Residents weigh in on Cochrane Gold at public meetings

Nearly 200 attend most recent consultations

By Helen Murphy    

SHERBROOKE – Close to 100 people attended each of last week’s two public meetings in Sherbrooke on Atlantic Gold’s plans for an open pit gold mine at Cochrane Hill in the District of St. Mary’s. The meetings, hosted by the Municipality of the District of St. Mary’s, followed two earlier consultations for residents and property owners within a five-kilometre radius fo the proposed site, and bring the total attendance at the four consultations to nearly 300.

Those wanting to share their views on Atlantic Gold’s plans were each given three minutes to speak, following a 15-minute introduction by the municipality. Some participants were able to speak again later in the meeting, as time allowed.

Warden Michael Mosher told The Journal that participants were very respectful of those voicing their views, “no matter what side of the issue you were on.”

The Feb. 12 and 17 meetings were each scheduled for two hours. The second one, Mosher said, went an extra 30 minutes, to accommodate everyone who wanted to speak. “Some people drove a long way,” he said, “and we were more than willing to do that.”

The warden acknowledged that not everyone is comfortable speaking on such a divisive issue at a public meeting, noting that the municipality is accepting written submission on the matter until April 1. Media and Altantic Gold representatives were not invited to any of the four meetings. Mosher said the intention was to provide a space where residents and property owners would be comfortable sharing their thoughts with St. Mary’s council.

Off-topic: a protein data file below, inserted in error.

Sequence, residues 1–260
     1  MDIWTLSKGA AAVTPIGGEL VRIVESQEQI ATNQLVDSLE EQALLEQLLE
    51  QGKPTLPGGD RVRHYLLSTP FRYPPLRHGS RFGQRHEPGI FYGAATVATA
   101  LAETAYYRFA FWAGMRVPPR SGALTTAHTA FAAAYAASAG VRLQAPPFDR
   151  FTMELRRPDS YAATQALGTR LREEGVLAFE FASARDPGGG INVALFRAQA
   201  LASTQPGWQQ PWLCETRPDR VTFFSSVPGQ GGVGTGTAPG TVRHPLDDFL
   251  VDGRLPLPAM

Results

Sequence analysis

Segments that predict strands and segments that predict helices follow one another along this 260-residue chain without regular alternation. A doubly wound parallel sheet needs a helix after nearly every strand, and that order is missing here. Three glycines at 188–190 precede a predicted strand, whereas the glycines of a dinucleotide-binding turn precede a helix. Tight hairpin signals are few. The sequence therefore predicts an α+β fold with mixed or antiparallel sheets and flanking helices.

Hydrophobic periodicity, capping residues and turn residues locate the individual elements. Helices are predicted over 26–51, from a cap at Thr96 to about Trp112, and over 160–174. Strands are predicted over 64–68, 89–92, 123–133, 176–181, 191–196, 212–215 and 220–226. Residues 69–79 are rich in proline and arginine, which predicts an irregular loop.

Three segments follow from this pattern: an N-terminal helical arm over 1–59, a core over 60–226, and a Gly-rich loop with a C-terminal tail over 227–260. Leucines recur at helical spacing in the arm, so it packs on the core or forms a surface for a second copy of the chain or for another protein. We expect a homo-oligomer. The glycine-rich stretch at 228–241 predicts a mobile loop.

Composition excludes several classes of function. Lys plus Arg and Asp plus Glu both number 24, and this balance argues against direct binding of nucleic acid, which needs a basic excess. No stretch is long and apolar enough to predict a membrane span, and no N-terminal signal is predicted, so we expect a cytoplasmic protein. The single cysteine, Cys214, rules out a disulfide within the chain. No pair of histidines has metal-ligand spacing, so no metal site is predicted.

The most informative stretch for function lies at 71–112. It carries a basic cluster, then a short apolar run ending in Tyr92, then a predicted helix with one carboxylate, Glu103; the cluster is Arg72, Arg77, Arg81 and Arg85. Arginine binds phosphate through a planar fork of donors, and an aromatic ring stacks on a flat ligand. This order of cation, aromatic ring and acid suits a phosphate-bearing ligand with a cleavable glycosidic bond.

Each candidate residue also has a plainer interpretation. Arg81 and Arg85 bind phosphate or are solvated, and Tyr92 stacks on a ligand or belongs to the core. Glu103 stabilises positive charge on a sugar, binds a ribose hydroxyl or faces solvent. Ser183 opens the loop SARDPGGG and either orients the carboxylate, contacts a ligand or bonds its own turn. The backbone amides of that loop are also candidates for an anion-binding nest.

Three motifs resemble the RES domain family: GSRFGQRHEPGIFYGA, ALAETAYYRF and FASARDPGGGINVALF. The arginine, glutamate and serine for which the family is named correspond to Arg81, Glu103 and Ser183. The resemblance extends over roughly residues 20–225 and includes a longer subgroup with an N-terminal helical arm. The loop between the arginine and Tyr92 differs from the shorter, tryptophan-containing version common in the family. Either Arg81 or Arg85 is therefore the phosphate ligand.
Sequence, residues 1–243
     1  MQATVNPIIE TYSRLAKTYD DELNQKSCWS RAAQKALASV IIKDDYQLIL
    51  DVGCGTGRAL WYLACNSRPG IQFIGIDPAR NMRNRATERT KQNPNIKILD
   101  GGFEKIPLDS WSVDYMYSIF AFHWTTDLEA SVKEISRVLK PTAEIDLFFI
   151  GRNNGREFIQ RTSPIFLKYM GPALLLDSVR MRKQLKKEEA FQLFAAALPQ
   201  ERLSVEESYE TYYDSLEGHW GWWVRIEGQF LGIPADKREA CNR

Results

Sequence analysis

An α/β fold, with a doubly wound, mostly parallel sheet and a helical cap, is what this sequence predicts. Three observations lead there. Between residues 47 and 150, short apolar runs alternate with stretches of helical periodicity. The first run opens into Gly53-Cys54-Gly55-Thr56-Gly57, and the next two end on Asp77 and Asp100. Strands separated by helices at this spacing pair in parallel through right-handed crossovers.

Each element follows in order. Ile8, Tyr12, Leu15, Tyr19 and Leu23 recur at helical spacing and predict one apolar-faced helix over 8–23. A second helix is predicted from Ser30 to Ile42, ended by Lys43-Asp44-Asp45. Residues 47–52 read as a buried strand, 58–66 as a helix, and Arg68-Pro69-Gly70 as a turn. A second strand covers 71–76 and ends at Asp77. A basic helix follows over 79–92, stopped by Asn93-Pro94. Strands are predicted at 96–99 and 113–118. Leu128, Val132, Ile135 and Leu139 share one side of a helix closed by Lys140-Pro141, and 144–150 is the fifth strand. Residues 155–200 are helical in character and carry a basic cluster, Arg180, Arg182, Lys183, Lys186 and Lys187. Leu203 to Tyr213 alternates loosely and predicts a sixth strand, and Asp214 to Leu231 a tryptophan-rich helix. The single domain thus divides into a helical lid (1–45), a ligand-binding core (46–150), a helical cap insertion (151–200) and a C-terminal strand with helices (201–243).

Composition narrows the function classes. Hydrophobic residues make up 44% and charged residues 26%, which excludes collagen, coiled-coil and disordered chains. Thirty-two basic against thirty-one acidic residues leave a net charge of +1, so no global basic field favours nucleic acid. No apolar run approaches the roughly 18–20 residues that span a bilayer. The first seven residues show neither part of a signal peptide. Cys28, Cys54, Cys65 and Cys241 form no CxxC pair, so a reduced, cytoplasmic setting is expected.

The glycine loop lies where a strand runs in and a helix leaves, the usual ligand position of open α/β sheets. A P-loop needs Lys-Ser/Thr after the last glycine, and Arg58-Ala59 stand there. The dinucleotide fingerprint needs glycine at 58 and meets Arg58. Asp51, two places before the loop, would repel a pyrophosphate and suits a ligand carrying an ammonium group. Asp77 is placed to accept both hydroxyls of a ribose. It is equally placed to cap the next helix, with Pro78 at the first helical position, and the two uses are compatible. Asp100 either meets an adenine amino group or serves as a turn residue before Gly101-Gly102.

“This is a long process,” he said during an interview Monday. “We are hoping to make some sort of decision (on the municipality’s position on the project) late spring/early summer. We have to be able to make our decision based on facts and to defend our decision. Obviously some people will be disappointed in the decision.”

He said council heard from people “on both sides and down the middle” at these meetings.

The municipality plans to issue a call for proposals this week for an economic impact report on the proposed project. “That will be a major part of the process of making a decision,” said Mosher. “We have the economy, the environment and the social aspect we have to look out for.” He said the company’s environmental impact statement, currently in development, will also help shape the municipality’s position on the planned gold mine.

At each public meeting, the municipality stressed that it does not get to decide if this project comes to St. Mary’s or not. The municipality will simply be providing its comments and position on the project in a submission to the federal agency conducting an environmental review of the Cochrane Hill Gold Project, the Canadian Environmental Assessment Registry.

Scott Beaver, president of the St. Mary’s River Assoc., says the overwhelming majority of people speaking at these four meetings was against the Atlantic Gold project.

“So I would call it a win for the NOPE campaign,” he told The Journal. SMRA is leading a “No Open Pit Excavation” campaign against the project, with NOPE signs posted on properties throughout the municipality.

Beaver said there are many reasons people are against the project, but that opposition mostly relates to the St. Mary’s River.

“The one overwhelming factor is definitely anything to do with the river,” he said. “Everything from critical habitat to people’s well water.”

He said other concerns include dust in the air, the 260-acre tailings pond and the number of trucks that will be on the road.

“It’s endless,” he said of residents’ concerns. “I could go on and on.”

In terms of the long process council is taking to determine its position on the proposal and its numerous public consultations, Beaver said he is grateful.

“As president of St. Mary’s River Association, I do want to thank the staff, council and warden mostly because they provided the residents of St. Mary’s with a platform to share their thoughts on this. That goes pretty far,” he said. “That’s a good thing.”

Organizers of the NOPE campaign have also met with Premier Stephen McNeil and MP Sean Fraser to discuss their concerns. Beaver said they are also trying to get a meeting with Lloyd Hines, MLA for Guysborough - Eastern Shore - Tracadie. He said Hines has offered to meet with them in Halifax, because of his busy schedule, but they want a meeting in St. Mary’s